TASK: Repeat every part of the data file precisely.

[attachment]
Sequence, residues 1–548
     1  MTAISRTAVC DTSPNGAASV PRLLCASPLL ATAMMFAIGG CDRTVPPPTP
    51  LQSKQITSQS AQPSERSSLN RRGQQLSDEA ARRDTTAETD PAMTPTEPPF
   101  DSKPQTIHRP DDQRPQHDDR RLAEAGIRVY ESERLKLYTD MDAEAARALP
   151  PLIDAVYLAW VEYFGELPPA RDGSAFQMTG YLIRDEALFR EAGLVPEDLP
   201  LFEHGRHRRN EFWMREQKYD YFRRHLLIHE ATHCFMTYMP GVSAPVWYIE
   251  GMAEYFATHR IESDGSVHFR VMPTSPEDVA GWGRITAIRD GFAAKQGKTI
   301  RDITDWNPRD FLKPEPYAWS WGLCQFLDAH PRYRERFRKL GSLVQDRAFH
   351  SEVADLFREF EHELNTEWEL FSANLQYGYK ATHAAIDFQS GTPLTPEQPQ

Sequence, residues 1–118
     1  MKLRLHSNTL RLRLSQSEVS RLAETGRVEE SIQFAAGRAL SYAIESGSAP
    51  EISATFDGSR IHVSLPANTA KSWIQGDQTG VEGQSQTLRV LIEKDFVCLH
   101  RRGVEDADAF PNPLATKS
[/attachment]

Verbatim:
Sequence, residues 1–548
     1  MTAISRTAVC DTSPNGAASV PRLLCASPLL ATAMMFAIGG CDRTVPPPTP
    51  LQSKQITSQS AQPSERSSLN RRGQQLSDEA ARRDTTAETD PAMTPTEPPF
   101  DSKPQTIHRP DDQRPQHDDR RLAEAGIRVY ESERLKLYTD MDAEAARALP
   151  PLIDAVYLAW VEYFGELPPA RDGSAFQMTG YLIRDEALFR EAGLVPEDLP
   201  LFEHGRHRRN EFWMREQKYD YFRRHLLIHE ATHCFMTYMP GVSAPVWYIE
   251  GMAEYFATHR IESDGSVHFR VMPTSPEDVA GWGRITAIRD GFAAKQGKTI
   301  RDITDWNPRD FLKPEPYAWS WGLCQFLDAH PRYRERFRKL GSLVQDRAFH
   351  SEVADLFREF EHELNTEWEL FSANLQYGYK ATHAAIDFQS GTPLTPEQPQ

Sequence, residues 1–118
     1  MKLRLHSNTL RLRLSQSEVS RLAETGRVEE SIQFAAGRAL SYAIESGSAP
    51  EISATFDGSR IHVSLPANTA KSWIQGDQTG VEGQSQTLRV LIEKDFVCLH
   101  RRGVEDADAF PNPLATKS